I enter a dealership, with the intention of exploring a car that really caught my attention simply by offering all of the basic features I wanted. So I wanted to see it, test drive it, and ask a couple of questions. So I ask the dealer: “I’ve read that the crash test scores for this model are not that good, most are graded 3 out of 5. Now, I know that there are different tests, and you can’t judge simply by the grade. Do you know more details about those tests and the scores? What is tested exactly, and how did they score the cars?”

The answer was: “Yes, yes I know, the scores are not the best possible. I know. But you know — what do they mean really? (And I’m thinking — yes, that is exactly what I asked) You see, a grade of 3 is really not that bad. It’s almost like 4. What is the difference? Almost nothing let me tell you. And also, all of that means something only in most severe crashes!!”

Well, no kidding!! What a thorough explanation. Now I understand and my worries are gone. And what a relief. So, if a car is simply parked on a lot, I shouldn’t worry that it will suddenly open the hood and hit me right in the face!

Bonding

A question occurred to me about a car, and I decided to drop by a dealership to ask. My visit was about 10 minutes long — of course we exchanged numbers, I got the brochure and usual stuff. Tomorrow morning, my cell phone rings, I answer and I get this:

– “Hey Michael, Jord here from the dealership.” – “Hey Jord, how are you, what’s up?” (I thought he might have just gotten some good used car) – “Nothing, nothing…just wanted to see how are you.”

Huh… If this doesn’t sound as a start of a beautiful friendship I don’t know what does!

Then he goes on: – “So have you made a decision on which car you want?” – “No, not really, not yet. I told you I’ll need some time, and I’m not rushing really.” – “Ok, tell me, what’s blocking it? Can I help?”

Man, of course you can! Go do something else instead of asking me questions…

Landing on all four whatever happens

I wasn’t sure about a size of a trunk of one of the models, so on my visit to the dealerships I brought couple of boxes and a cart that I use often to see how they fit into the trunk. Now this was one of the smaller cars, so I wasn’t sure about the trunk size. And I tell the dealer what I’d like to do and he says no problem. So I take out the stuff and he laughs:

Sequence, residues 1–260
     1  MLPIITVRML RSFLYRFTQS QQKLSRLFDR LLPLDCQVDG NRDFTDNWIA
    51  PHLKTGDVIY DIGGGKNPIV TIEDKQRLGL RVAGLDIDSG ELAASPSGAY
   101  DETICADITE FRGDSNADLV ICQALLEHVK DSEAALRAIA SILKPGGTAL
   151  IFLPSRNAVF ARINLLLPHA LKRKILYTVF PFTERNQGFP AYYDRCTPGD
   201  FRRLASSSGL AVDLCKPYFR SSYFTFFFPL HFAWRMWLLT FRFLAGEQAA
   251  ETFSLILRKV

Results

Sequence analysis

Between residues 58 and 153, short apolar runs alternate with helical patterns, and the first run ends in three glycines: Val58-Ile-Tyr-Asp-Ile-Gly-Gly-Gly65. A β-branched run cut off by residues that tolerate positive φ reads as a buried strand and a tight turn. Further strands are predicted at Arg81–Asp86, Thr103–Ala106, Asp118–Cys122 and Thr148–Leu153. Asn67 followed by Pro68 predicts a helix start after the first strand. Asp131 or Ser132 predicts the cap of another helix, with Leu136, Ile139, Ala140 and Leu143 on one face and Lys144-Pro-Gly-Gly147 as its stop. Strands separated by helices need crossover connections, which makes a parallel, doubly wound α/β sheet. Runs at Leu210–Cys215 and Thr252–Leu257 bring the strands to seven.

– “C’mooon, how can you doubt it — that will fit without a problem. Don’t worry!!” – “Wait, wait, let me try, I know what I’m talking about.”

And then I try, and he tries, but it doesn’t go so easy — the cart is a bit long and the boxes a bit high. Separately they go in no problem, but together, not that easy. Finally, he laughs again and remarks:

– “And you really thought ALL OF THAT will fit into this trunk??!!”

Wha…??

Get all the money you can

I receive a long talk describing how I should buy the replacement insurance. And the more expensive one (“better” in the jargon), which covers you for a longer time and gives you the value of the new car, rather the amount that you paid. Ok, that is a fine product. Now I also get a long description on how I should absolutely buy a VIN engraving package where they engrave the VIN on all windshields so that the thieves are less likely to steal it (they can’t sell the windshields for parts). It’s about $300. Well, I gave both of these things a good thought, but tomorrow I realized a simple thing: Why do I need two protections? If I get the replacement insurance, and if they are going to give me a new car if mine is stolen, why would I then protect it even more?? Damn, I should also probably buy two cars in case one is stolen after all.

And on top of that, I found on the internet that the engraving kit, very simple to use and apply, can be bought for mere $20.

Get all the money you can — again

This one is well-known, and usually titled as a “dealer scam”, but I decided I put it here anyways just as another example.

So I finally decide to buy the car and I arrive to the dealership at around 6:00pm. I expect the process to last about an hour. However, little thing here and there and I end up at the dealership for four hours. I think ok, nobody’s fault, there are simply a lot of things to do and a lot of people to involve — the dealer, finance guy, insurance girl, then the finance guy again, then the manager because there was an error, etc. So, I get the contract with all the figures there, and everything looks fine: all the figures match almost perfectly to mine that I calculated before. Except one thing — $900 of loan life insurance. So I ask:

– “Why is it there? Is that mandatory?” – “Well, we made such an application to Company’s Finance.” – “Ok, but is it mandatory?” – “We could reapply and see what happens — if you have life insurance elsewhere.”

Now, you see, I am not too easy to confuse, but it was late and I didn’t want to repeat the whole process again, so I’m thinking: “Ok, I’m going to think about it tomorrow.” And I let it by. Now good thing was that I had the contract with me (I had to take it home for my wife to sign), so I wasn’t too worried.

Anyhow, in the morning I realize that not only it is not mandatory to have the insurance and that I definitely do not need life insurance elsewhere, but another application without it will certainly go through. And, at that point I sincerely doubted that they need to make another application at all. So I get really angry and I go there and I get the exact same answer again. So I say: